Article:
Obesogenic environments and cardiovascular disease: a path analysis using US nationally representative data.

TitleObesogenic environments and cardiovascular disease: a path analysis using US nationally representative data.
Publication TypeJournal Article
Year of Publication2022
AuthorsGuo, F, Bostean, G, Berardi, V, Velasquez, AJ, Robinette, JW
JournalBMC Public Health
ISSN Number1471-2458
KeywordsCardiovascular disease, Health behaviors, mediation analysis, Obesogenic environment, physiological dysregulation

INTRODUCTION: People living in obesogenic environments, with limited access to healthful food outlets and exercise facilities, generally have poor health. Previous research suggests that behavioral risk factors and indicators of physiological functioning may mediate this link; however, no studies to date have had the requisite data to investigate multi-level behavioral and physiological risk factors simultaneously. The present study conducted serial and parallel mediation analyses to examine behavioral and physiological pathways explaining the association between environmental obesogenicity and cardiovascular disease (CVD).

METHODS: This cross-sectional observational study used data from the 2012-2016 Health and Retirement Study, a representative survey of US older adults (n = 12,482, mean age 65.9). Environmental obesogenicity was operationalized as a combined score consisting of nine environmental measures of food and physical activity. CVD and health-compromising behaviors (diet, alcohol consumption, smoking, and exercise) were self-reported. Physiological dysregulation was assessed with measured blood pressure, heart rate, HbA1c, cholesterol levels, BMI, and C-reactive protein. The Hayes Process Macro was used to examine serial and parallel paths through health-compromising behaviors and physiological dysregulation in the environmental obesogenicity-CVD link.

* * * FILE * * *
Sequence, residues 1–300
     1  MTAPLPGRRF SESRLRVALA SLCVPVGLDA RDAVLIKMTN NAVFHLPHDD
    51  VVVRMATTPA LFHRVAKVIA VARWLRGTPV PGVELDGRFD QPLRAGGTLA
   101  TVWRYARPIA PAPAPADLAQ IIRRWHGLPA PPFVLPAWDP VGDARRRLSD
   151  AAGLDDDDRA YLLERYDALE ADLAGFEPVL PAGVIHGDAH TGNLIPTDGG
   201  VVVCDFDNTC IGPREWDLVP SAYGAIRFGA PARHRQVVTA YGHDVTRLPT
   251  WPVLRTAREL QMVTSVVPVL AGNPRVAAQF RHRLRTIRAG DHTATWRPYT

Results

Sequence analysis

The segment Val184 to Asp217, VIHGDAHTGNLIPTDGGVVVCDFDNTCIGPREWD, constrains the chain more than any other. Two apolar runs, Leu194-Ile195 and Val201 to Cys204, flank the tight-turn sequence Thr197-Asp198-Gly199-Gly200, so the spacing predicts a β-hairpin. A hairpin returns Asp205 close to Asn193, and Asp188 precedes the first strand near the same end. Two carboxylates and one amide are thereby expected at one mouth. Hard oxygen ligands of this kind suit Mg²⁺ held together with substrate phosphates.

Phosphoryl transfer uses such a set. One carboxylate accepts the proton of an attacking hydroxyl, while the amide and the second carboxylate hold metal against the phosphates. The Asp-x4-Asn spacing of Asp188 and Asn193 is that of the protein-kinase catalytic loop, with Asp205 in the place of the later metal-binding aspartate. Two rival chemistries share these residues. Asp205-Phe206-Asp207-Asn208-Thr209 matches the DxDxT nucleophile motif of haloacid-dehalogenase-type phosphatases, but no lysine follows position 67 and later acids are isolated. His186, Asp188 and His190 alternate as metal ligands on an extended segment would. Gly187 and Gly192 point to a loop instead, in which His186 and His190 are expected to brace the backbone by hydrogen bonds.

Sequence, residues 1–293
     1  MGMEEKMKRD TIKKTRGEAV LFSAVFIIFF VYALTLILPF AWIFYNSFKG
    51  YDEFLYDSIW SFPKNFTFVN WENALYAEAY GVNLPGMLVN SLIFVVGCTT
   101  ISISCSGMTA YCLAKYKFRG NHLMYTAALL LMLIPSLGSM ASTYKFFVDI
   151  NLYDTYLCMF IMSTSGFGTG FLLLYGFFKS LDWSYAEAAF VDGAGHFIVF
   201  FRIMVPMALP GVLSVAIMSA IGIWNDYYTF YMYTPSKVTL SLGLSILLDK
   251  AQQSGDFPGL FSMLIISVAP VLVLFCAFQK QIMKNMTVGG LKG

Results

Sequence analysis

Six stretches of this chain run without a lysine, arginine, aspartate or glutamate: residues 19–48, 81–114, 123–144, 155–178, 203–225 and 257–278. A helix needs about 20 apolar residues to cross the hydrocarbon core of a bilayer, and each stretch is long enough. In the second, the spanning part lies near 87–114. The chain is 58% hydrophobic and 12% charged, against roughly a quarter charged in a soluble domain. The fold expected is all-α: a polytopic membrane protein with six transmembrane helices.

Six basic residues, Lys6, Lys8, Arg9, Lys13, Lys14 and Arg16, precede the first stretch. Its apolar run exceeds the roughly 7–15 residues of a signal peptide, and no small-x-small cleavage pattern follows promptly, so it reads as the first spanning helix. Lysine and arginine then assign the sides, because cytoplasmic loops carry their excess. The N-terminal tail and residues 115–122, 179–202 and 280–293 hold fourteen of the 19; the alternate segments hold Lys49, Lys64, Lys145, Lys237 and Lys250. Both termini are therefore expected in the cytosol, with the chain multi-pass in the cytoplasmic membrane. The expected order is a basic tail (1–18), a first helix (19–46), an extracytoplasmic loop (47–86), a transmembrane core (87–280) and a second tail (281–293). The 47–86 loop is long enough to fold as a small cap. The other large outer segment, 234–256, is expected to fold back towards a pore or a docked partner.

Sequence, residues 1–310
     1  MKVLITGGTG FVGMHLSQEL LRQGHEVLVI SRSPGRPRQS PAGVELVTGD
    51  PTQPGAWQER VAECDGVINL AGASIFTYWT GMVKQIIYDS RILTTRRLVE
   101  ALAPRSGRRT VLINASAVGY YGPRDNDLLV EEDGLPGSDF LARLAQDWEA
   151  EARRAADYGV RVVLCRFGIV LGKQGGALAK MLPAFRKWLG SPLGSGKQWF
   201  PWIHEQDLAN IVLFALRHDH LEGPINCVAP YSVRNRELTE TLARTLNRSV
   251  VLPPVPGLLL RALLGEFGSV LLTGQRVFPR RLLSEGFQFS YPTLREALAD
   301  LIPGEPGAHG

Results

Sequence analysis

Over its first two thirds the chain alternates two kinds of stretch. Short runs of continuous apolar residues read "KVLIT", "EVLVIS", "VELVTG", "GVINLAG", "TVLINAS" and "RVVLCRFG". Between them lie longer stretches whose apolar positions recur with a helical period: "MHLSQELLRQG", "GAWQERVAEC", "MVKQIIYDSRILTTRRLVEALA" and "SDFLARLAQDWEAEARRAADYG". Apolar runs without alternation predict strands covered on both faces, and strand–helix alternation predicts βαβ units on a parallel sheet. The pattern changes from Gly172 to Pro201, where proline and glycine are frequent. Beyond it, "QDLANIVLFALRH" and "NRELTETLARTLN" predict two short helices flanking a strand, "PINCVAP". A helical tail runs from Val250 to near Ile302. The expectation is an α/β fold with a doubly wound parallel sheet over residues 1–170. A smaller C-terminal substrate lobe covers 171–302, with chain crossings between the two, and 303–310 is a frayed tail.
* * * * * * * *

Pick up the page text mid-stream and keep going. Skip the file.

RESULTS: People living in more obesogenic environments had greater odds of self-reported CVD (odds ratio = 1.074, 95% confidence interval (CI): 1.028, 1.122), engaged in more health-compromising behaviors (β = 0.026, 95% CI: 0.008, 0.044), and had greater physiological dysregulation (β = 0.035, 95% CI: 0.017, 0.054). Combined, health-compromising behaviors and physiological dysregulation accounted for 7% of the total effects of environmental obesogenicity on CVD.

CONCLUSION: Behavioral and physiological pathways partially explain the environmental obesogenicity-CVD association. Obesogenic environments may stymie the success of cardiovascular health-promotion programs by reducing access to resources supporting healthy lifestyles.

Citation Key12296
PubMed ID35399056
Grant List4R00AG055699-03 / AG / NIA NIH HHS / United States